by Theodora Kroeber
And yet Ishi, to all accounts, seems to have handled his introduction into the modern world very well, After the initial shock, he realized people meant him no harm. People were so curious to see "the wild man" he was at first locked up in jail for his own safety, then taken to a university where eager anthropologists wished to learn about his vanished tribe, to study him. It sounds as if they were very gracious about it. Ishi had living quarters in the museum. A member of another California tribe was found who spoke a neighboring dialect, so language was not a complete barrier. Ishi learned enough rudimentary English to communicate fairly well. He adapted quickly to using modern conveniences; it was interesting to see which modern implements he admired and appreciated for the work they saved, and which he found puzzling or amusing- the telephone he seemed to consider a toy. He did not pine for his old way of life, in fact rarely spoke of it and never divulged much about his past- probably the memories were too painful. But he was content to demonstrate his skills over and over again to museum visitors and others- making bows and arrows, starting a fire, knapping arrowheads and so forth.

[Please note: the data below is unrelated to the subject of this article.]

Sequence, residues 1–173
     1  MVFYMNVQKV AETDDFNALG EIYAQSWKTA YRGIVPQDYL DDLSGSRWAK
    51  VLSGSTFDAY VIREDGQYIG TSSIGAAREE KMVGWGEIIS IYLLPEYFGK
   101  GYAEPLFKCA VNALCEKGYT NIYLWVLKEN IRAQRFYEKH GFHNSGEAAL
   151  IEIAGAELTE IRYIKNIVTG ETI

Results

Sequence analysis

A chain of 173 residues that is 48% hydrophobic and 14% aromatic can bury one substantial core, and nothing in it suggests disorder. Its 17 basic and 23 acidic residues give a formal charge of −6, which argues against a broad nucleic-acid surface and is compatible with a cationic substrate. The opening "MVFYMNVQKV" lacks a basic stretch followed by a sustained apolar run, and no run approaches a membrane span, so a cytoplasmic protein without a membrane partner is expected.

It is a very sober and intriguing story. Parts of it I found very interesting, others quite dry. This account is written in such a straightforward fashion, very factual and often dull to read. It's only by reading between the lines that you start to wonder what this man was really like, what a shock he must have experienced. The way Kroeber tells it, he was so grateful and glad to have human company again, he always wanted to be surrounded by others, to be among friends, never desired to go back and live in the hills again. Was cheerful, easily amused, patient and steady temperament, content with his life. A lot of the book is about the history of the area, the linguistic development of his tribe, what is known about their distribution and culture, early accounts from settlers in the area of conflicts and so on. It's very informative, but hard to get an idea of the human experience, the real person. I am glad to have read the book, to know what it contains, but it's not one I'm likely to read again just for enjoyment.
Rating: 3/5 255 pages, 1961